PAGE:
The Dubai Financial Services Authority (DFSA) warned investorson Wednesday (Sept. 13) that initial coin offerings (ICOs) are complex and risky, joining a growing list of governments to do so.
In a statement on its website, the DFSA said ICOs and the systems and technology that support them are complex, possessing their own unique risks which may be hard to identify and understand. What’s more, the DFSA said, investors should consider ICOs high-risk investments.
“The DFSA would like to make it clear that it does not currently regulate these types of product offerings or license firms in the Dubai International Financial Centre (DIFC) to undertake such activities,” the DFSA said in a post on its website. “Accordingly, before engaging with any persons promoting such offerings in the DIFC, or making any financial contribution toward such offerings, the DFSA urges potential investors to exercise caution and undertake due diligence to understand the risks involved.”
The DFSA is joining Russia, China, the U.K. and the U.S. in warning investors about ICOs, which are currently garnering a lot of attention around the globe. The warning is also backed by JPMorgan Chase & Co. chief executive officer Jamie Dimon, who was quoted as calling Bitcoin a “fraud” at a recent investor conference in New York.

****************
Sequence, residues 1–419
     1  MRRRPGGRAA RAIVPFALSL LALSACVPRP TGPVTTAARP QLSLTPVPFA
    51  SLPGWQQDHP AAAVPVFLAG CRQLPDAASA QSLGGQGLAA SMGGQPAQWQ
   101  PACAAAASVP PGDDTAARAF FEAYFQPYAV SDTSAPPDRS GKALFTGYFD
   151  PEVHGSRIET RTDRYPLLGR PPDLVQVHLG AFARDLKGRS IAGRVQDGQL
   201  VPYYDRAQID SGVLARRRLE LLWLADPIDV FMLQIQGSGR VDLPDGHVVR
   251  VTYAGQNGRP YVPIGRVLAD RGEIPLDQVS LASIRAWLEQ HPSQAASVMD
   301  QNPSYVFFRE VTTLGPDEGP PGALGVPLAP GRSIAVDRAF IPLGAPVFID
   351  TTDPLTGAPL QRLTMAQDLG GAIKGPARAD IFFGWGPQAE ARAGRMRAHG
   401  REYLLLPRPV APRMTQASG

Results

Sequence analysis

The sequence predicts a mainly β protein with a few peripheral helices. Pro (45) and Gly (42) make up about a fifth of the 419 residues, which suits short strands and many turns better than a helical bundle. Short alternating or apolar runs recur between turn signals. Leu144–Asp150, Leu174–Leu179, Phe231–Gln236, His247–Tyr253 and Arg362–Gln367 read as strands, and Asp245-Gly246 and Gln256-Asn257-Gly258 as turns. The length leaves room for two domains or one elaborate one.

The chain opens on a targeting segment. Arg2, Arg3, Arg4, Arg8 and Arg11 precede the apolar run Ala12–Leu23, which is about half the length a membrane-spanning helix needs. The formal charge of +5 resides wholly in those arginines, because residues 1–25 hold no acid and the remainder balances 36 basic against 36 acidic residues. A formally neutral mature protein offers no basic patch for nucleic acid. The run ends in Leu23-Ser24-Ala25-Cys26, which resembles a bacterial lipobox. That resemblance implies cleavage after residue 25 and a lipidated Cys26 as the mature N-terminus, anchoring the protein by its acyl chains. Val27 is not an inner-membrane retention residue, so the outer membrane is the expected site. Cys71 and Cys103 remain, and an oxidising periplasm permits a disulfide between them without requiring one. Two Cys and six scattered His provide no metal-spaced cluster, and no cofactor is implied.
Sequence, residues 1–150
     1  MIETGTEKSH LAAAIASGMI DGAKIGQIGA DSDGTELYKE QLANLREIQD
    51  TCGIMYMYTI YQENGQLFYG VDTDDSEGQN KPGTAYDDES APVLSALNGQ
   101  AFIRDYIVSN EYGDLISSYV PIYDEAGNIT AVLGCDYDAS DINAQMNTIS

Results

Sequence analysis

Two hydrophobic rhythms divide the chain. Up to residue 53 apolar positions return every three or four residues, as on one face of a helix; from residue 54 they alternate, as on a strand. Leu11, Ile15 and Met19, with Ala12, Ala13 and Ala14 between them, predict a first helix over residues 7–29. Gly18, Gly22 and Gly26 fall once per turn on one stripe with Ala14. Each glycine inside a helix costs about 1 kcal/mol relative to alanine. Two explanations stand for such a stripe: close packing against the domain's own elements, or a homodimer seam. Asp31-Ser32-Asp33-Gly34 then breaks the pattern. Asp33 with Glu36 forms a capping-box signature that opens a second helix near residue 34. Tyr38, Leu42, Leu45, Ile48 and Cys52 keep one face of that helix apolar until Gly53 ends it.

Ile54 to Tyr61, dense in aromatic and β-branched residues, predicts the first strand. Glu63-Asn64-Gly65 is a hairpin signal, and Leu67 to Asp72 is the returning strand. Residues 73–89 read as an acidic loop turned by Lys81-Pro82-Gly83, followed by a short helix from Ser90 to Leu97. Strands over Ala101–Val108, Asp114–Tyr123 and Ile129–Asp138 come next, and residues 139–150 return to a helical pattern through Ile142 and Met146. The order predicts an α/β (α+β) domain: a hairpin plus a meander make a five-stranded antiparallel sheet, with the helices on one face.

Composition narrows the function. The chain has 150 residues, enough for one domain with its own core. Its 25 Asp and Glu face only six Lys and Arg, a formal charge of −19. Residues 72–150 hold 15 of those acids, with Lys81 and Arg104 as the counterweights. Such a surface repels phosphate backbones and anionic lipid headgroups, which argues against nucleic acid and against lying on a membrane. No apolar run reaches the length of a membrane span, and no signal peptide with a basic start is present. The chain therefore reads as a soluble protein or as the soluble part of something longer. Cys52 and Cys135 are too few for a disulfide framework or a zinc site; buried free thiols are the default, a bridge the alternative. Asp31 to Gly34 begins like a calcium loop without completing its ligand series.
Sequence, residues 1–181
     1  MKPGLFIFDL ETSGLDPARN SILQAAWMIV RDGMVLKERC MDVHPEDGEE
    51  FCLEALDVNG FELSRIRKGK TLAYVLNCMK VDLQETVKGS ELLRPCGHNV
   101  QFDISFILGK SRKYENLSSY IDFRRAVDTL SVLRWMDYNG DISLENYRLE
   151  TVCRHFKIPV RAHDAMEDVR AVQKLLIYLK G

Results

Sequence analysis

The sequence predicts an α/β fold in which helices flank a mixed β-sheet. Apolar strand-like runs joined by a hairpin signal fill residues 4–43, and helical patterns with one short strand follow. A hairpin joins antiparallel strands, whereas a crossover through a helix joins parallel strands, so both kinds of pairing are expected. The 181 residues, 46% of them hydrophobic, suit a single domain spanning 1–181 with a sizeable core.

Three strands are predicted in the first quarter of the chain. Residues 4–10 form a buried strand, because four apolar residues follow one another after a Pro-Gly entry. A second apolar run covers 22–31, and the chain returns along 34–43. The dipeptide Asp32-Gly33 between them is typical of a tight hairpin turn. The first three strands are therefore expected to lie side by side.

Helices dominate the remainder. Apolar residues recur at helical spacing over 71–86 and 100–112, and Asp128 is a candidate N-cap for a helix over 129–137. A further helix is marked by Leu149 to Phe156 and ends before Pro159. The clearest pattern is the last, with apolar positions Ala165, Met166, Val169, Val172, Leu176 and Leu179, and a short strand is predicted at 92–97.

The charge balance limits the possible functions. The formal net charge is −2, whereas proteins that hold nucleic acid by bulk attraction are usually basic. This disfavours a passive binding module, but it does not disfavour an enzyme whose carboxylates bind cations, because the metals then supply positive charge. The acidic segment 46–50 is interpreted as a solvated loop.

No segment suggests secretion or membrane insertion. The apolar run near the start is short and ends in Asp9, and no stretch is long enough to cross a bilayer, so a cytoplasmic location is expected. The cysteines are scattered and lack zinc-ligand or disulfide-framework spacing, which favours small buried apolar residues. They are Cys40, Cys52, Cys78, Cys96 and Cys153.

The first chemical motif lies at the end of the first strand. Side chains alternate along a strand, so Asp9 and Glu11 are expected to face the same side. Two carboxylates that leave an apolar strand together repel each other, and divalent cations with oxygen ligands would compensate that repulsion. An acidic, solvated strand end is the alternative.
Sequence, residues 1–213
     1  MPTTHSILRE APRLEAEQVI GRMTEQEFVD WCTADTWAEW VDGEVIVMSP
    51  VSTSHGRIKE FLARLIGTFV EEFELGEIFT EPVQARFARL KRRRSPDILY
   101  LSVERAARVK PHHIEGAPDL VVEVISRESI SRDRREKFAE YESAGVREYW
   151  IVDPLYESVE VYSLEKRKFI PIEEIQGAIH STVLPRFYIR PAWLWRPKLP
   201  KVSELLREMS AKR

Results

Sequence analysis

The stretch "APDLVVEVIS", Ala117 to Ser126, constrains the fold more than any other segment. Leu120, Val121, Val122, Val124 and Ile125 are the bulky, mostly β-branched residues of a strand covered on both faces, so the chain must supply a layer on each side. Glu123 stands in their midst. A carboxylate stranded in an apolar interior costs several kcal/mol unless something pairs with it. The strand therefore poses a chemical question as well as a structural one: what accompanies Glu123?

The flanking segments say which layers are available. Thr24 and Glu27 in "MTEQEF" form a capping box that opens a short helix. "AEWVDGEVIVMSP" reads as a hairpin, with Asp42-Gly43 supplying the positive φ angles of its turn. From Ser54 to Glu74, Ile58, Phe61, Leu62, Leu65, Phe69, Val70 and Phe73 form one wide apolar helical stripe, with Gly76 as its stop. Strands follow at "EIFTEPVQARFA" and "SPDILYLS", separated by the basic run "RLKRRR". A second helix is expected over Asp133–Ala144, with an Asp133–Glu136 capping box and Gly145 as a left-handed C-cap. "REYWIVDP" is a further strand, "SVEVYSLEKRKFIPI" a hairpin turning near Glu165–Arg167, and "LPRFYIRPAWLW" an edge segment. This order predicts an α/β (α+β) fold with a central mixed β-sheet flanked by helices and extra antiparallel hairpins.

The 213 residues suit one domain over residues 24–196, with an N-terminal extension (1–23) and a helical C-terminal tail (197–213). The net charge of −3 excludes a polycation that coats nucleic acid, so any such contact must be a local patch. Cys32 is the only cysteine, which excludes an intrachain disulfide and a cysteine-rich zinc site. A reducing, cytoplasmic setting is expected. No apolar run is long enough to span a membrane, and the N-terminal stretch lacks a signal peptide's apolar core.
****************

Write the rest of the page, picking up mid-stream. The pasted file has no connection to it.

“The currency isn’t going to work,” Dimon said on Tuesday (Sept. 12). “You can’t have a business where people can invent a currency out of thin air and think that people who are buying it are really smart.”
Dimon also said any JPMorgan traders working with the cryptocurrency would be fired on the spot for two reasons: It’s against the company’s rules, first of all, and secondly, Dimon feels it is “stupid.” His comments come as the price of Bitcoin has quadrupled since December and at one point flirted with a new high of $5,000.
“Don’t ask me to short it,” Dimon said, according to Reuters. “It could be at $20,000 before this happens, but it will eventually blow up. Honestly, I am just shocked that anyone can’t see it for what it is.”